The NFLA Leadership Journey: Transforming Self in Order to Guide Transformation in Others

Saturday, 28 October 2017

Sandra O'Brien, PhD, RN, CNE, CRNP-F, PHCNS-BC
School of Nursing, The Catholic University of America, Dr. Sandra L. O'Brien CRNP, Bowie, MD, USA
Elizabeth Peter, PhD
Lawrence S. Bloomberg Faculty of Nursing, University of Toronto, Toronto, ON, Canada
Barbara Penprase, PhD, MSN, RN, CNE, RNFA
Nursing, Oakland University, Rochester, MI, MI, USA

The poster will explain one Nurse Faculty Leadership Scholar’s journey through participation in the 22 month Nurse Faculty Leadership Academy (NFLA). The NFLA’s “secret sauce for success” includes two annual workshops and collaboration with a leadership mentor, faculty advisor and on site leadership observer. These resources assisted the Scholar to focus attention on three pivotal domains of 1) Individual Leadership Development Plan, 2) intentional reflective leadership development by utilizing a Scholar-designed leadership project to advance nursing education, and 3) engagement in an expanded scope of influence at the organization, the community, and the profession. Individual Leadership Development Plan-The poster will explain the gains made by the Scholar in leadership development. For example, by “modeling the way” (Kouzes and Posner, 2012) the Scholar gained understanding of leadership’s influence on team members’ performance and the importance of developing and adhering to team-articulated values and goals. By “challenging the process” (Kouzes and Posner, 2012), the Scholar encouraged the members of three different teams (Baccalaureate Curriculum Committee, STTI Chapter, and Leadership Project Team) to deepen their professional opportunities and broaden their leadership. Also the Scholar furthered this by mentoring team members to become the next generation of leaders. Looking to the future, the Scholar has envisioned a five year plan to develop an educational leadership institute as a means to challenge the Scholar’s continued personal growth in leadership.

Leadership Project- The poster will present the outcomes of the Scholar’s leadership project entitled “Precepting Skills for Graduate Nurse Preceptors”. After conducting a needs assessment, the Scholar formed a team, designed, and deployed a web-based Educational Module. The aim of the Educational Module was to instruct graduate nurse practitioner preceptors in a clinical teaching strategy called the One Minute Preceptor (Sarkin, 2017). The One Minute Preceptor is designed to assist advanced practice medical provider preceptors, to develop critical thinking strategies in their students and is appropriate for nurse practitioner students. The results of the project demonstrated participating preceptors’ knowledge regarding the One Minute Preceptor clinical teaching strategy increased a great deal! Immediately after completion of the Educational Module, there was a 74.62% increase in One Minute Preceptor Clinical teaching strategy knowledge scores. Also, after completion of the Education Module, 77.78% of the participating preceptors indicated they were extremely likely to use the One Minute Preceptor clinical teaching strategy with their nurse practitioner students. Additionally, the participating preceptors indicated they were favorably impressed with the Educational Module and its delivery. They gave the three items measuring course delivery satisfaction a weighted average of 4.5 out a possible 5, with a 5 representing “highest quality” or “excellent”. Several participating preceptors exclaimed the module should be required by all nurse preceptors and participating preceptors provided no comments in the open response box requesting “suggested improvements” to the Educational Module or the delivery of the materials. The poster will also present sustained knowledge gains measured at the end of the semester in the preceptors who participated in the Educational Module. Finally the poster will present a comparison between the control group of preceptors using their standard precepting methods and those preceptors completing the Educational Module, on five key measurements, including preceptor self-efficacy in their ability to develop critical thinking skills in nurse practitioner students. Because of the project’s pre-and posttest control and comparison design and submission to the IRB, the results will be publishable and this will aid in filling an identified gap in the nursing literature (Donley, Flaherty, Sarsfield, O’Brien, and Anderson, 2014).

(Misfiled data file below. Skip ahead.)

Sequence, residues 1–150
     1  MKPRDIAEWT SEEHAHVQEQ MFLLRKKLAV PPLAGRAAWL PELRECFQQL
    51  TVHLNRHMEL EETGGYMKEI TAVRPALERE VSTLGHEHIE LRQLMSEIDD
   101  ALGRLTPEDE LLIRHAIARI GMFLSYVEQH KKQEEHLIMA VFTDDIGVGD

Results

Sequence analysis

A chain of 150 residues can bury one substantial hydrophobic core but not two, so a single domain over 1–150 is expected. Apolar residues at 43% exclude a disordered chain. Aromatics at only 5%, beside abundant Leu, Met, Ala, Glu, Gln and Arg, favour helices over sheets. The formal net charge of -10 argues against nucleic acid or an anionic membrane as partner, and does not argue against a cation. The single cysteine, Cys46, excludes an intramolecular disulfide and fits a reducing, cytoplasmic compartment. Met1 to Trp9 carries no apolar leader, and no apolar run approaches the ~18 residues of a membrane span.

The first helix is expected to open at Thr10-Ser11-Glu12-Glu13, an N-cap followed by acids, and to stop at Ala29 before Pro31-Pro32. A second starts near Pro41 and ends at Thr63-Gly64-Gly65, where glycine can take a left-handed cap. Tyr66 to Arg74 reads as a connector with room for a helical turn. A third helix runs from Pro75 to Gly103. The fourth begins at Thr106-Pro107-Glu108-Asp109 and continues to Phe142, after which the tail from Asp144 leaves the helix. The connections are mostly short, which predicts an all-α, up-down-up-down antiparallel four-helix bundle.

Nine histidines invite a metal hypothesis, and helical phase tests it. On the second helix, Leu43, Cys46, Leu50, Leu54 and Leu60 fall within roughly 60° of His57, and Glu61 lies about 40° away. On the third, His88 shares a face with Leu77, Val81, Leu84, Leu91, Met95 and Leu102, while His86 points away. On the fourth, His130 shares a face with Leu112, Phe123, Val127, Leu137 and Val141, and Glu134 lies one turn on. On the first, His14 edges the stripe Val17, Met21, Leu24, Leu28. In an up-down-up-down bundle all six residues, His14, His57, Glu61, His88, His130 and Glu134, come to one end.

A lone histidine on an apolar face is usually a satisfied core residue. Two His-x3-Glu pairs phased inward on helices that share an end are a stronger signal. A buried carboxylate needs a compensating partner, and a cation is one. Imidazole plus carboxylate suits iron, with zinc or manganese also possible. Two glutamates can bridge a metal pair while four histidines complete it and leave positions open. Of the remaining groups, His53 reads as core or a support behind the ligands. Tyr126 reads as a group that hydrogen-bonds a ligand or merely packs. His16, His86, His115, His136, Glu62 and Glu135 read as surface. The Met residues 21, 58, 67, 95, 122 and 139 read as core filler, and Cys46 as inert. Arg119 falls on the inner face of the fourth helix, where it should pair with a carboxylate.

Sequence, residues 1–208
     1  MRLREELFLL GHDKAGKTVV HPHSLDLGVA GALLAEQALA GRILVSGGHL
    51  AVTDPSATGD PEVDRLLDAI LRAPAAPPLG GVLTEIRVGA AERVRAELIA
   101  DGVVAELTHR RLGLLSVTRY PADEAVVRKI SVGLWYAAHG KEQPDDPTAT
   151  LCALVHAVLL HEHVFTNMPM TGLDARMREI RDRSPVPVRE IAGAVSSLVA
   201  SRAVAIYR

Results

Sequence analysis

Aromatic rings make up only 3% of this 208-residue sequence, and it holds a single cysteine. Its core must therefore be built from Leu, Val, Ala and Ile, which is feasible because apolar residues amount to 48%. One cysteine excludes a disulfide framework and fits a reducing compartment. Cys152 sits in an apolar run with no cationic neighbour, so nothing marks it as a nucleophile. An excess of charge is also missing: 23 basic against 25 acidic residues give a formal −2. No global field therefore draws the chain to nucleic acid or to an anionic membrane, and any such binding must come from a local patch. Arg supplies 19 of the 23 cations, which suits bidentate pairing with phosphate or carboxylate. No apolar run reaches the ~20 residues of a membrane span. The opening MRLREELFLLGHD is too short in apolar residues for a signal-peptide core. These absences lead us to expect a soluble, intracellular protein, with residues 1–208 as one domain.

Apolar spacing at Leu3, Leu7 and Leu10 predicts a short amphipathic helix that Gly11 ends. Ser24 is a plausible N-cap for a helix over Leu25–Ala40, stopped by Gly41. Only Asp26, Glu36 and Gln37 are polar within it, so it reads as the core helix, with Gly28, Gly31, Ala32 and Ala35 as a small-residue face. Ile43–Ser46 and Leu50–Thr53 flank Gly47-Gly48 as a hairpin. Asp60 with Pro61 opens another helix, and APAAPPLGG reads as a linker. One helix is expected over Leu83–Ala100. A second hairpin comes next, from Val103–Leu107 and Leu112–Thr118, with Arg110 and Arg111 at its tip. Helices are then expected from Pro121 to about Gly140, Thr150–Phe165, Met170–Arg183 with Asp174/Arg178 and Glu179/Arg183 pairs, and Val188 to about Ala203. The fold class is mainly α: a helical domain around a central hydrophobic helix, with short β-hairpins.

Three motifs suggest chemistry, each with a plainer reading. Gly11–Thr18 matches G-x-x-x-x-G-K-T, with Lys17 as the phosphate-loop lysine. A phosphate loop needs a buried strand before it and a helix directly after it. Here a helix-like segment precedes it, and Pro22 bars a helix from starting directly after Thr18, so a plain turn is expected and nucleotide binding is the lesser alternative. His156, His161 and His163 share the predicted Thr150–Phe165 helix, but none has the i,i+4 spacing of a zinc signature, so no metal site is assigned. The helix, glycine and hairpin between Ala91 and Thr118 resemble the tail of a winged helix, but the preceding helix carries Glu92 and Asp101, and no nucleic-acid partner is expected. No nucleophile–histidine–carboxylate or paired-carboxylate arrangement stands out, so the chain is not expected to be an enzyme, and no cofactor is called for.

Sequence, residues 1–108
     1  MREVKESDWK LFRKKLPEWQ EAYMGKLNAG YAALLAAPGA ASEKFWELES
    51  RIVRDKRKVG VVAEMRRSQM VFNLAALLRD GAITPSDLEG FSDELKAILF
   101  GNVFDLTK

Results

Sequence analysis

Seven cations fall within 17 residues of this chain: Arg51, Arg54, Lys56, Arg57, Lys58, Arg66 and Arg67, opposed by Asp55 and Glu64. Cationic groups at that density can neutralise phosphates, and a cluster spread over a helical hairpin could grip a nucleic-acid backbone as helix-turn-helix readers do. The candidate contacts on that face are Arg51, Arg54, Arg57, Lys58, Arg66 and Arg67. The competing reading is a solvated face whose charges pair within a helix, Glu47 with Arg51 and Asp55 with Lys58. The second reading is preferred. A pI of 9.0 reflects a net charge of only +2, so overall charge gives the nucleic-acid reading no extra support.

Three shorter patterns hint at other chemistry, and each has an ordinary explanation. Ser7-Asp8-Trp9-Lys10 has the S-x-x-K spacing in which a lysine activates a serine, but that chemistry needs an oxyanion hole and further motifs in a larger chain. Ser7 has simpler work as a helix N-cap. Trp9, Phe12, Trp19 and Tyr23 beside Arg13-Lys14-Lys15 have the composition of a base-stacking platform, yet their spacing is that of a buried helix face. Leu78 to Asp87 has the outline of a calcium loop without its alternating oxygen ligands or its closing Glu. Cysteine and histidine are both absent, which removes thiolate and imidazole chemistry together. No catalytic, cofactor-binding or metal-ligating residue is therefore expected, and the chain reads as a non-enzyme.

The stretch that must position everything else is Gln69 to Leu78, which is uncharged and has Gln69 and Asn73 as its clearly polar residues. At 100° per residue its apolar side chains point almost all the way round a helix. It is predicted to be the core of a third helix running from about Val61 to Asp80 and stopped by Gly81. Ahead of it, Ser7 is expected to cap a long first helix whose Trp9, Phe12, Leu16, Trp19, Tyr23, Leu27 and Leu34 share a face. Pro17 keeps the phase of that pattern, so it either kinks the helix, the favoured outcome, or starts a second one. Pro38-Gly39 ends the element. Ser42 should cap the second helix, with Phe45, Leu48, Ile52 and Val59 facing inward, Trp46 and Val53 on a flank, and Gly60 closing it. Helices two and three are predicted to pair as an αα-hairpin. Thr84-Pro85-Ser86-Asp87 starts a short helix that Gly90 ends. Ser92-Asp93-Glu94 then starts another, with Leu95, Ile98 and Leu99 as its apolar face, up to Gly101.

Expanded Scope of Influence- Finally the poster will describe the Scholar’s progress regarding expanded scope of influence. During the 22 month academy, the Scholar participated actively in academic leadership within the School of Nursing as the Baccalaureate Curriculum Committee Chair and a semester as the Acting Director for Undergraduate Nursing Programs. The Scholar also served more broadly in cross-departmental committees at the University, by participating in the Undergraduate Deans’ Group and the General Education Curriculum Forums. Within the community, in addition to continuing in the role of STTI Chapter President, the Scholar formed the local chapter of the Bowie Nurses Champions for Shot@Life. Shot@Life is an advocacy arm of the United Nations Foundation whose aim is providing vaccinations for children in developing nations. For the future, the Scholar has envisioned leading an educational institute that spearheads collaborative international multidisciplinary educational programs to address preventable childhood deaths that result from injuries and illnesses. This would involve networking and policy making, as well as educational research, at the local, regional, and international levels.